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    #9
    I understand your point, but I'd argue that in this particular aspect, Amazon is much more like Apple than it is Google. Google doesn't sell anything except its users (yeah, I know they have some other arms to their company, but your eyeballs are the main product). Amazon sells a lot of stuff, both to end users through amazon.com, and to institutional players through AWS.

    The value to Amazon of the echo products is in ecosystem lock-in. They want to make Echo a convenient front-end to spending more of our $ on Amazon products. In that sense, it's the same as Apple & Siri. Siri encourage Apple device and service ecosystem lock-in (only runs on iOS & MacOS, only *completely* works with Apple Music and iCloud).

    So, ultimately, I think their motivations for collecting data are very different than google's. Not that that makes me trust them any more than google.
     
  10. twistedpixel8, Mar 10, 2018
    Last edited: Mar 10, 2018

    twistedpixel8 macrumors regular

    twistedpixel8

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    #10
    I use Siri on my watch to set timers and Siri on my iPhone when I’ve already got into bed and I can’t be bothered to grab my phone again to set alarms. That’s pretty much it. Occasionally I set reminders with her.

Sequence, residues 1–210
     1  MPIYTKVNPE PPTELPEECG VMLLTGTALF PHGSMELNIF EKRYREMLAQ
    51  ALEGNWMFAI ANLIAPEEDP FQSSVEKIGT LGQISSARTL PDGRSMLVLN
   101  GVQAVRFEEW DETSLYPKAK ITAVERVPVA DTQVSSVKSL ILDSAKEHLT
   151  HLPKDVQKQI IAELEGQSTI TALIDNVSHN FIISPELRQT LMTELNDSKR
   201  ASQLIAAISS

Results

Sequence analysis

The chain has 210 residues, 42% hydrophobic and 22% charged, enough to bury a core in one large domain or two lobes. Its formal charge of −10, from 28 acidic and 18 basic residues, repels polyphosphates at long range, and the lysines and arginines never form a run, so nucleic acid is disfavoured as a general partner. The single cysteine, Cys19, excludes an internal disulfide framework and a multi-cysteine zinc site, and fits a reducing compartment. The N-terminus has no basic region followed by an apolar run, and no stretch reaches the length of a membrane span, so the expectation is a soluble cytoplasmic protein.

She’s actually incredible fast on Series 3 Apple Watch so I wish I had more use for her!
     
  11. Mike MA macrumors 68000

    Mike MA

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    #11
    I think this is one thing people sometimes are missing in regards to Siri - getting the feeling Apple is enhancing it regularly. Somehow you get the feeling Siri‘s AI has already reached it design-wise peak...
     
  12. mwd25 macrumors regular

    mwd25

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    #12
    Very useful. Been hoping for this since I got an echo. Using lights is a good example. Being able to say Alexa, turn on lights, set lights to 30%. Instead of having to make two separate requests is really nice. It sounds like it wouldnt be that big of a deal but it does get annoying, for me.
     
  13. parsonsmike macrumors member

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    #13
    Apple has been "enhancing" Siri since 2011, and yet about 75% of the time it still can't identify the correct person when I ask it to call someone from my contacts list.